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Comparative efficacies of single intravenous doses of ceftriaxone and ampicillin for shigellosis in a placebo-controlled trial.

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PMC
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  • Research Article
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  • Medicine

Abstract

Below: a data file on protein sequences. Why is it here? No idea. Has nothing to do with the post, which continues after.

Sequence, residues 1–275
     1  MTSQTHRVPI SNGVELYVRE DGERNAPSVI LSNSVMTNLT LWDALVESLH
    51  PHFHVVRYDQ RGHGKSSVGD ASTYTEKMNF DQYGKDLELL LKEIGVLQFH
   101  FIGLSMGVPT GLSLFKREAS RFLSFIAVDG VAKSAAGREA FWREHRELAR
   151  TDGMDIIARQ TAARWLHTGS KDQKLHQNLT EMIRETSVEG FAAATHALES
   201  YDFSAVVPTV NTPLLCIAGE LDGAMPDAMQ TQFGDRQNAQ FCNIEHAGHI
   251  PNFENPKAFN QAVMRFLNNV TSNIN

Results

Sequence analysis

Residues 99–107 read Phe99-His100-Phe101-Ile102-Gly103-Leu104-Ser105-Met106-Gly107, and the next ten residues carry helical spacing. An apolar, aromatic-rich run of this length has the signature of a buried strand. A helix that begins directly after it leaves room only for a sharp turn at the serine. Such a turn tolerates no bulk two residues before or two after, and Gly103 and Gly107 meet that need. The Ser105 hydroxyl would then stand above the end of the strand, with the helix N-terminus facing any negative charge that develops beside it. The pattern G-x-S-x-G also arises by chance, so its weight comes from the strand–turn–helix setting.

To evaluate ceftriaxone for the treatment of shigellosis, 94 adult males with acute dysentery were randomly assigned to receive ceftriaxone (1 g), ampicillin (4 g), or saline placebo intravenously in single doses in a double-blind design. Stool cultures were positive for Shigella dysenteriae in 52 patients, S. flexneri in 38 patients, and other species in 4 patients. Both ceftriaxone and ampicillin caused reductions in the mean duration of fever and the means of daily stool frequency 2 to 4 days after therapy versus placebo (P less than 0.05). The ability of ceftriaxone to reduce stool frequency during 6 days after treatment was significant in patients with S. flexneri infections (P less than 0.05), whereas S. dysenteriae infections were relatively refractory to improvement by both antibiotics. Neither drug had a significant effect on overall duration of diarrhea, blood in stool, or tenesmus. Ampicillin reduced the mean duration of positive stool cultures after treatment from 2.6 days in the placebo group to 1.1 days (P less than 0.05), whereas ceftriaxone did not affect the duration of Shigella sp. excretion. These results indicate that single intravenous doses of ceftriaxone and ampicillin caused some clinical improvement in acute shigellosis but only ampicillin exerted a bacteriological effect on Shigella sp. excretion.

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